Assumptions in recent trademark studies slammed. "How Many Jobs Does Intellectual Property Create?" Here is the link to a paper by Eli Dourado and Ian Robinson from George Mason University. http://www.worldtrademarkreview.com/daily/Detail.aspx?g=a6321d86-0de2-4edb-8f15-e541f27a5086
The challenge here is to a USPTO & Economics and Statistics Administration report, "IP and the US Economy: Industries in Focus" and the USCOC Global IP Center campaign called "IP Creates Jobs for America." The authgors take issue with some of the claims about how powerful IP is in the US economy with respect to job creation and the inpact of infringement on revenue losses.
How many jobs does Intellectual Property create? It is a complicated response- some are easy to indentify, others not so much. In today's global economy, IP is the only remaining competitive advantage. It is the Safe Harbor if managed appropriately. (That is, the owner has to be diligent in protecting it from infringement, piracy.) That in itself, frequently means new jobs that do not create new output, but protects what exists.
As to jobs created by IP, the authors suppositions and examples tend to reinforce the the assumption that they are academics who never worked in private industry. Jobs, as they say, are not ends in themselves, but, how is that relevant? Jobs are created to meet defined needs in many areas of an enterprise. A janitor's job would rarely be associated with IP but an electrical engineer hired into Bell Labs would be expected to have some involvement with IP in his/her career. Which, or both, is the IP counted job?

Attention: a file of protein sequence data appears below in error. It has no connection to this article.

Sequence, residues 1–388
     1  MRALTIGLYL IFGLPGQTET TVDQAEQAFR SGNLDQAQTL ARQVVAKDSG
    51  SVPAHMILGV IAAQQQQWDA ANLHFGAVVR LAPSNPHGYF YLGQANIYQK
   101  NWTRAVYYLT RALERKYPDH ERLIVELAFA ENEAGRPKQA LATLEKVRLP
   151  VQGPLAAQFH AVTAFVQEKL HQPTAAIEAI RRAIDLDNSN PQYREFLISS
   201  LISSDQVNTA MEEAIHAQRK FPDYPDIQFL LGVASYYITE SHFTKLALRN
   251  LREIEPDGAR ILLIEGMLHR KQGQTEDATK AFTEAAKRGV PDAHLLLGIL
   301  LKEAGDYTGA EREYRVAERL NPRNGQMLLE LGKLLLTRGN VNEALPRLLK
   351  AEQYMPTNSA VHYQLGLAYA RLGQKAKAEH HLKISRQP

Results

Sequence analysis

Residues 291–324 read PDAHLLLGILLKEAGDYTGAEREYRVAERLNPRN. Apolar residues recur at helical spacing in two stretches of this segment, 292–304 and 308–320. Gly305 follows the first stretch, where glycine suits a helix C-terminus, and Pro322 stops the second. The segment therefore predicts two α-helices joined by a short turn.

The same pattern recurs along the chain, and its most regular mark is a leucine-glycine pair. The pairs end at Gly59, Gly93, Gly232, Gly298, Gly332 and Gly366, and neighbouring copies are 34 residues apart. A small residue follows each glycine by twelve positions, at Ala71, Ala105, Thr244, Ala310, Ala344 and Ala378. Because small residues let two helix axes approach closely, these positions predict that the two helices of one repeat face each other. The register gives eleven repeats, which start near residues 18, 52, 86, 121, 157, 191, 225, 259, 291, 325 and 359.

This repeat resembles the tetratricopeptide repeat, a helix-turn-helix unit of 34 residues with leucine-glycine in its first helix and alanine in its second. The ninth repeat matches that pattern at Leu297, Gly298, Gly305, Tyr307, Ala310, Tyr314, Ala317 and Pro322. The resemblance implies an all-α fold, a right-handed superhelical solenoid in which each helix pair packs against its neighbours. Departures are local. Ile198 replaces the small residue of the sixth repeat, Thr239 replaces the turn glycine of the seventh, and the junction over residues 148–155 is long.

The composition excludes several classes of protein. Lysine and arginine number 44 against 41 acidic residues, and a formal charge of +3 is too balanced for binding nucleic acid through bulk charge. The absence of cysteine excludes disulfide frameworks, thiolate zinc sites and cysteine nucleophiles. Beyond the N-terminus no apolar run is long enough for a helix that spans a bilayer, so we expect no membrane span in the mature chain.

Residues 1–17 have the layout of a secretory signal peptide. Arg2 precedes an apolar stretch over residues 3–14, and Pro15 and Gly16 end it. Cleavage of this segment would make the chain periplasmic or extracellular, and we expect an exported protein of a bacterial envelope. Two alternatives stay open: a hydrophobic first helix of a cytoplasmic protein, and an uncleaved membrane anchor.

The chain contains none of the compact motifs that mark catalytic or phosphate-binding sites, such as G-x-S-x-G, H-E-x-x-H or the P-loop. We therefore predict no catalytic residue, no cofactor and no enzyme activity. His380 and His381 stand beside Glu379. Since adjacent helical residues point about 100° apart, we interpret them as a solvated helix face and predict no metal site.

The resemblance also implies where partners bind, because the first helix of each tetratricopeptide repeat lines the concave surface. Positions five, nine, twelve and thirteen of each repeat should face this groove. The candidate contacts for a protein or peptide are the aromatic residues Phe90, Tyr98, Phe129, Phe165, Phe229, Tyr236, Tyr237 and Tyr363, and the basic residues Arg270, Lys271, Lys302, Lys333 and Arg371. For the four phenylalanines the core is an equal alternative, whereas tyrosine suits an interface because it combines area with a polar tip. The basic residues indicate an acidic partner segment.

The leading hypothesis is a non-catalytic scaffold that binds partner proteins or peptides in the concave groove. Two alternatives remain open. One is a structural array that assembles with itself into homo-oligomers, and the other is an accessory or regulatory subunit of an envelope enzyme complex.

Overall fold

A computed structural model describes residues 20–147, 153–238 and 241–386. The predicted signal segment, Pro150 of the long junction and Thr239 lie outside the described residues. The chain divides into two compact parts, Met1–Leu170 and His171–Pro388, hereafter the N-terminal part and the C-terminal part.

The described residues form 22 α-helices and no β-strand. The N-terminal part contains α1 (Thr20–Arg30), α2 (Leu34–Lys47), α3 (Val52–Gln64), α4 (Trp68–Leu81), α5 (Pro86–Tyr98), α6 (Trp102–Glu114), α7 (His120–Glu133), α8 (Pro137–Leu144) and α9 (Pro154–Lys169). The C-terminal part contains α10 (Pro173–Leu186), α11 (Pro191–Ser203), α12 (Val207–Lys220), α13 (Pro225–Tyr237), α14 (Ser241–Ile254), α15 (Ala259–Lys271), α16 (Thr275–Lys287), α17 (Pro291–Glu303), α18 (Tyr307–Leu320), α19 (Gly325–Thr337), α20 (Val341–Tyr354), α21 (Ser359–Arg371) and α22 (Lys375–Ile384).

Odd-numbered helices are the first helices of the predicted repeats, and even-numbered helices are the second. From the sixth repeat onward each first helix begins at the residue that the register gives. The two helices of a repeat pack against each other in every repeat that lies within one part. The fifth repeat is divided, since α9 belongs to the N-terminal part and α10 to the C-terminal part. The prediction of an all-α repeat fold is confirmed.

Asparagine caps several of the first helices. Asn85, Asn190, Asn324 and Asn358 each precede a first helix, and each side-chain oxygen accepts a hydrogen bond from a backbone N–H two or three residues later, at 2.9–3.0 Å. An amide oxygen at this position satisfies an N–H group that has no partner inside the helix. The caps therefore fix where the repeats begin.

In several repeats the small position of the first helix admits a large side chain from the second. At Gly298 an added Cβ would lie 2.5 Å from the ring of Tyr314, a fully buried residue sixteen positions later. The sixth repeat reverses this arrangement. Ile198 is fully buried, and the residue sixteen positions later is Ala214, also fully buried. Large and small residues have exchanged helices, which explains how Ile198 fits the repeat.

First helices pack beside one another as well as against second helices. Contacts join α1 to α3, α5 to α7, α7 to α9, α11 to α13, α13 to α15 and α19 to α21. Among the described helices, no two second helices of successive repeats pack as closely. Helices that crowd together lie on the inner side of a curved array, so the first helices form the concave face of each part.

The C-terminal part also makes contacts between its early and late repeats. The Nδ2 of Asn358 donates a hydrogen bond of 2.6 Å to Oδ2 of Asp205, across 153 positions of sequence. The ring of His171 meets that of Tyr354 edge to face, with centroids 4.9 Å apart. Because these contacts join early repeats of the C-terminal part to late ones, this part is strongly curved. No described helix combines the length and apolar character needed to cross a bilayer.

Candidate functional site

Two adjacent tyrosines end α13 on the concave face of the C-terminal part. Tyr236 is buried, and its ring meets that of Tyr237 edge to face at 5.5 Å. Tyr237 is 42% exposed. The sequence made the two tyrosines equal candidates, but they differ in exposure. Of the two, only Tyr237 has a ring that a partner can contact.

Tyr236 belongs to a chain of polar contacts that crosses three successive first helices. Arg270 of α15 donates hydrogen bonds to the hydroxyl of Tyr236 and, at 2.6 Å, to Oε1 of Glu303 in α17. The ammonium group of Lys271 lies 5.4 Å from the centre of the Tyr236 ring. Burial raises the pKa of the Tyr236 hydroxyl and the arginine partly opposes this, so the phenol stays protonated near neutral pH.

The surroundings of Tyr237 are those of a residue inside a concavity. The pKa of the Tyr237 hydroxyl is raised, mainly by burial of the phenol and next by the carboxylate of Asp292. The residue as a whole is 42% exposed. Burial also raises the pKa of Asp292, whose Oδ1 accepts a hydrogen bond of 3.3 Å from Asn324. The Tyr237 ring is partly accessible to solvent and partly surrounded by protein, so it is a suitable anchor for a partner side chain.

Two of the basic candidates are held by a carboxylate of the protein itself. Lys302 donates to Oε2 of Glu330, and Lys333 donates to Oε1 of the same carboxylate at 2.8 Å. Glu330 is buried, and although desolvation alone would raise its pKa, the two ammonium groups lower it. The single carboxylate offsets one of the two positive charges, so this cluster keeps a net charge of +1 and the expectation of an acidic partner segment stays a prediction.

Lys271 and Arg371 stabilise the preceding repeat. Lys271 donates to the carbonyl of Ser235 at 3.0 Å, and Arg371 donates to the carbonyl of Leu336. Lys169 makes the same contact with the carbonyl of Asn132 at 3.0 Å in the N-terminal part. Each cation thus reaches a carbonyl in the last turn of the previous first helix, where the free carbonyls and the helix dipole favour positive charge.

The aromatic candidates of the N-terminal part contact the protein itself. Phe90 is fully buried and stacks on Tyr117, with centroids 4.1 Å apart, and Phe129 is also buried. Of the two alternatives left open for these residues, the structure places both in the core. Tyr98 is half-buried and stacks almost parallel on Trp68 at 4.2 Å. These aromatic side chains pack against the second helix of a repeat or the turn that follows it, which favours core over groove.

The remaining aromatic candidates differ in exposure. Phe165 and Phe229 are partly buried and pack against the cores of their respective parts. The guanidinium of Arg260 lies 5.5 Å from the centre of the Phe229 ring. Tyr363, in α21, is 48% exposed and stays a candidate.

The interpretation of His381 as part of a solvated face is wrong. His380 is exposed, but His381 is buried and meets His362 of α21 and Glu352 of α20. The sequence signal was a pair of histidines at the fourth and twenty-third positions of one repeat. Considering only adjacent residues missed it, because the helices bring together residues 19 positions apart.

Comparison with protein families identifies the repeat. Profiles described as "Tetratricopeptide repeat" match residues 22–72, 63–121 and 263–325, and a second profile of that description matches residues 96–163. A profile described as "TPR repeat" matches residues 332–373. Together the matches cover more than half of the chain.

IP, be it a utility or design, trademark or an instruction set for a new dance, is a result not a precurser. Are those associated jobs counted as IP or is it 'when' they are counted? Most jobs are filled based on need and relevant skill sets. The newly hired patent attorney is an immediate count. The new IP data base manager and the new retail store phone salesman who just handled a defective product?
The authors state that "it is fallacious to equate employment within an IP intensive industry with an economic benefit of IP." Huh? Why then does IBM get more patents every year than any other enterprise and how do they annually gain nearly a billion dollars in royalty revenues?
To summarize, IP is the only Safe Harbor left and it would be irresponsible of leadership not to protect it by any and all means. And, dealing with infringement to recoup some lost revenue is a valid cause for job creation that does not result in economic gain but minimizes loss. The authors should claim valid skepticism in job numbers based upon what appears to be oversimplifying assumptions. Rather than levy criticism at the results, it would have been far more meaningful to scrutinize the assumptions.